July 8, 2010 | by David J. Hoffman
Local gay favorite on the brink of stardom?

“Out of the tree of life I just picked me a plum,” croons the fabulous and fantastic Peter Fox.

Fox today stands on the brink of stardom, if there’s any justice in the music industry. Of course justice in the music industry is an oxymoron.

As a singer in the jazz and adult contemporary spotlight now, with the issue of his first and self-titled CD, Fox is certainly ready for prime time. But meanwhile the business model of the once robust recording industry has fractured into splinters of its former self, as CD sales have nosedived.

So how does someone like Fox, having spent nine seasons with the Gay Men’s Chorus of Washington (GMCW), and who also recently wrapped up a three-year run with the close-harmony pop acapella group Potomac Fever, market himself?

Fox is avoiding record labels and concert promoters to do it himself. “I went the independent route because music is in my soul and the independent route with the available tools and reach of the Internet is now actually a feasible way to reach a fairly major audience, allowing me to do what I’m meant to be doing,” he says.

A longtime GMCW audience favorite, Fox has picked a plum opportunity with the songs on his new album, recently launched at a special concert at the Kennedy Center restaurant veranda. He is as easy to like as he is easy on the eyes — and his charm is rooted in the easy listening of his sound and his lyrical first tenor voice so sweet with feeling as well as perfect pitch and phrasing.

The songs are each special to him, as explained in the album liner notes at his website, PeterFoxMusic.net, including “When You Meet an Angel,” a number first performed with the GMCW at the Lincoln Theatre. The angel theme will be familiar to his fans, who recall vividly his bare-chested starring role recently as heartthrob “Teen Angel” in the Chorus’s production of “Grease.” Speaking of the song, Peter admits that he had just broken up with someone who was sitting in the third row on opening night, but he recalls also that the song “later came to mean more” to him, “as a few dear family members and friends passed on to their next chapter.”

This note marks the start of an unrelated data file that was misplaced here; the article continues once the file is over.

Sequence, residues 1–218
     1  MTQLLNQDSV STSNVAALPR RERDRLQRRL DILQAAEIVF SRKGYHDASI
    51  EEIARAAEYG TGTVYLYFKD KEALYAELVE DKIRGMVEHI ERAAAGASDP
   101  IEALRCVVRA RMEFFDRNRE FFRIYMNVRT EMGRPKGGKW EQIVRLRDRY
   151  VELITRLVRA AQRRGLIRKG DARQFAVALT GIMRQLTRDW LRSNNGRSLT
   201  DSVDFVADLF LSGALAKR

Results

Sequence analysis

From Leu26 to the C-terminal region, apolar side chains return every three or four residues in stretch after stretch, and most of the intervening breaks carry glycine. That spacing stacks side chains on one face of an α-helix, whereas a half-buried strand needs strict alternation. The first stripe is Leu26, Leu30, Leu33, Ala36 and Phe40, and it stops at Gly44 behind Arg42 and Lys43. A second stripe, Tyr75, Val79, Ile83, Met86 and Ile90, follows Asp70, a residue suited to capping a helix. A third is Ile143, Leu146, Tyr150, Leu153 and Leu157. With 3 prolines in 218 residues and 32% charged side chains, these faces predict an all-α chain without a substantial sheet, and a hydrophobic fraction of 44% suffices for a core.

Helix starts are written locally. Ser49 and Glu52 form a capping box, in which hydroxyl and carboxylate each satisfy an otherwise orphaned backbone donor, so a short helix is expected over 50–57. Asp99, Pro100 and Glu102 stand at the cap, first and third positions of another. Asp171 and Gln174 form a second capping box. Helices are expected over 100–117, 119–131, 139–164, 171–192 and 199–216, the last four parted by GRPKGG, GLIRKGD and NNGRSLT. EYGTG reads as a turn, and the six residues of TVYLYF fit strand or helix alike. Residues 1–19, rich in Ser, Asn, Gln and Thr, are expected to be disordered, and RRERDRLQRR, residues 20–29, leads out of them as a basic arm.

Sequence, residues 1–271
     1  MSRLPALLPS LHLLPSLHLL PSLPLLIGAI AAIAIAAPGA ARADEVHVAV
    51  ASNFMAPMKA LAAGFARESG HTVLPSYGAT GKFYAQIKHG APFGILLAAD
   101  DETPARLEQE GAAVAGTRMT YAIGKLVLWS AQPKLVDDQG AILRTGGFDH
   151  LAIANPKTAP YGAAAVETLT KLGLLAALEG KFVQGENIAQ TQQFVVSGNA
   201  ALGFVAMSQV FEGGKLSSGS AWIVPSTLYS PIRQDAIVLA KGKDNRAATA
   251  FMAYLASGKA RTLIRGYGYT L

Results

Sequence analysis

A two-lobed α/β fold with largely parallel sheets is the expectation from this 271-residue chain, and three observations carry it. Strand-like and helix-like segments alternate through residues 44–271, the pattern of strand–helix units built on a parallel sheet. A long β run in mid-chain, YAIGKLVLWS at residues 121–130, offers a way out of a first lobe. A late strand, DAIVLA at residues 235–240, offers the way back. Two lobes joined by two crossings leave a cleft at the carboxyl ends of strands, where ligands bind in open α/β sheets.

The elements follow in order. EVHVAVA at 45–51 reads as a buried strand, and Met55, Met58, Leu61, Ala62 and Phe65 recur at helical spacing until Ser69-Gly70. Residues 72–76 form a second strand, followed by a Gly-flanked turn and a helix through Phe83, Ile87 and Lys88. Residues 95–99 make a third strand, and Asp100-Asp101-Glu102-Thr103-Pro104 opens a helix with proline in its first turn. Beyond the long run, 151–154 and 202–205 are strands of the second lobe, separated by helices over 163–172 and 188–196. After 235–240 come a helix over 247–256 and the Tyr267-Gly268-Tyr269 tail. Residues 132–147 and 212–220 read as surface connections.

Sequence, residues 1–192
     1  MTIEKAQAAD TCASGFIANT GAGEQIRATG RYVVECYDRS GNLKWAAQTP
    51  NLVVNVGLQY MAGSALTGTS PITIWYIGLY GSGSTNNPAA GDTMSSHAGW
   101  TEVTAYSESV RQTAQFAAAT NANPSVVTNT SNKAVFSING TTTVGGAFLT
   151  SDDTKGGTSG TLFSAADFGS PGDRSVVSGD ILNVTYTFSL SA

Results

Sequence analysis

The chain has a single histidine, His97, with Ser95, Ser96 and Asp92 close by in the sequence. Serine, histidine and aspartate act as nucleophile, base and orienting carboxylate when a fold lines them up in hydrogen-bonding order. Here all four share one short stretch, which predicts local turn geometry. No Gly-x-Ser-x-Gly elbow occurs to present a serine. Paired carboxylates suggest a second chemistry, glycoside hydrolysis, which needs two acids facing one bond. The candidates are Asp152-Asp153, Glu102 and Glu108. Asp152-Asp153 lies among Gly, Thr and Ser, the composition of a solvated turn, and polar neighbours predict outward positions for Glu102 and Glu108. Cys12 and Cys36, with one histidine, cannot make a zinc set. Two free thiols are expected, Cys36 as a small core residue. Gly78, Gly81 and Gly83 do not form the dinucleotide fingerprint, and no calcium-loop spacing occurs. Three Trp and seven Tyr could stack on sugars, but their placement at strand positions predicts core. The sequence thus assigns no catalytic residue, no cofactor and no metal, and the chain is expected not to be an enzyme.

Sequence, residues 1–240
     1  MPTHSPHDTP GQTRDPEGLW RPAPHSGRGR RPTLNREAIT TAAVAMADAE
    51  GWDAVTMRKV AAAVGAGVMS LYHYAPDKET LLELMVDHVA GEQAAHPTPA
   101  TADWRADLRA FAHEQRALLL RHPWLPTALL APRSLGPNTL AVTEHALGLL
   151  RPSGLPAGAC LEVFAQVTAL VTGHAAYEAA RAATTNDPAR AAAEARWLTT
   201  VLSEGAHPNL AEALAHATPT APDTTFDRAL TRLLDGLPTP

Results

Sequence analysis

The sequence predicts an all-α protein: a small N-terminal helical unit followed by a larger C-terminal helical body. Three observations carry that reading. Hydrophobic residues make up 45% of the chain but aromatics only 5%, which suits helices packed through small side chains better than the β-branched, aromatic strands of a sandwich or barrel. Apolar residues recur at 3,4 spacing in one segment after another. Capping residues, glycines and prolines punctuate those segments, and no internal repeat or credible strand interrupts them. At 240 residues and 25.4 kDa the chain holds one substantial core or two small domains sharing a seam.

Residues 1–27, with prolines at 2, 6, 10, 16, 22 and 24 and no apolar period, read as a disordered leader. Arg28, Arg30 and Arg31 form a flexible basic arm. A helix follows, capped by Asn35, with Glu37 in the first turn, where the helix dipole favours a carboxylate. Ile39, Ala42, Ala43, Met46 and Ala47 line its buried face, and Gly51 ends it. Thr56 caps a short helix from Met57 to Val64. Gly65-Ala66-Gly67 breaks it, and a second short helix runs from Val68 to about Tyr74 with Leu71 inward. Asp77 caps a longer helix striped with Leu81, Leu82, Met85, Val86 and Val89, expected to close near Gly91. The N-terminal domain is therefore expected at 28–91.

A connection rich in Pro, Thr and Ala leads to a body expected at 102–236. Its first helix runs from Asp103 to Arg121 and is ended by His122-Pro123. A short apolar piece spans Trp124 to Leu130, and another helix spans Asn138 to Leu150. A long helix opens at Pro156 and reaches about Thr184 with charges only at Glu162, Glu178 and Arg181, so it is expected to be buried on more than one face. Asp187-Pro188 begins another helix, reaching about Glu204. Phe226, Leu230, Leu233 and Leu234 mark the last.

Another song, “Nightfall,” is a deeply layered ode to living a life without a lover but with the “extraordinary love I have shared with friends.” He declares finally in the song, “I am contented to be my own family, a family of one!”

Peter says, “it took me some tome to really grasp the various levels of message in this song, but I now so appreciate and deeply understand that one’s life can be so rich and full without any typical idea of the modern primary relationship.” Indeed, he says, “the song speaks to gratitude, the simple joy of just accepting what is.”

But one song alone stands out for its utter perfection of lyric and melody, “I Can Hold You,” written by David Friedman, the composer, record producer and Hollywood film score composer for Disney animated features like “Aladdin,” “Pocahontas” and “Beauty and the Beast,” for which Friedman was also music supervisor for the Broadway stage version.

Friedman is the author of many astonishing songs of inspiration, hope and love — collected in several CDs such as “Listen To My Heart: The Songs of David Friedman” (2002) and 63 of his best-known songs are also in his “Songbook.” Fox has taken one of them, “I Can Hold You,” he calls it “one of the most tender songs” on the album, a song he first recorded in 2005 but is now completely remixed and remastered — because “the song speaks to hope.”

“I am most struck by the way the singer offering to hold another who has been battered by life may really be wishing to be held in the same way,” he admits.

Fox, who grew up in New Jersey and had a boyfriend “discreetly” in high school, earned his BS in business administration from Penn State University, and came out to his family in his early 20′s. He spent seven years in Pittsburgh as a paramedic and then spent two years on the road as a long-haul trucker saying of that time,”I basically spent two years by myself.” He moved to D.C. in 1997 to work in the health care field and “do music.”

“Music is a conduit to what’s right,” he says. “Let’s get people connected to the joy of their own stories through song.”

His album is available now for $10.99 from PeterfoxMusic.net.

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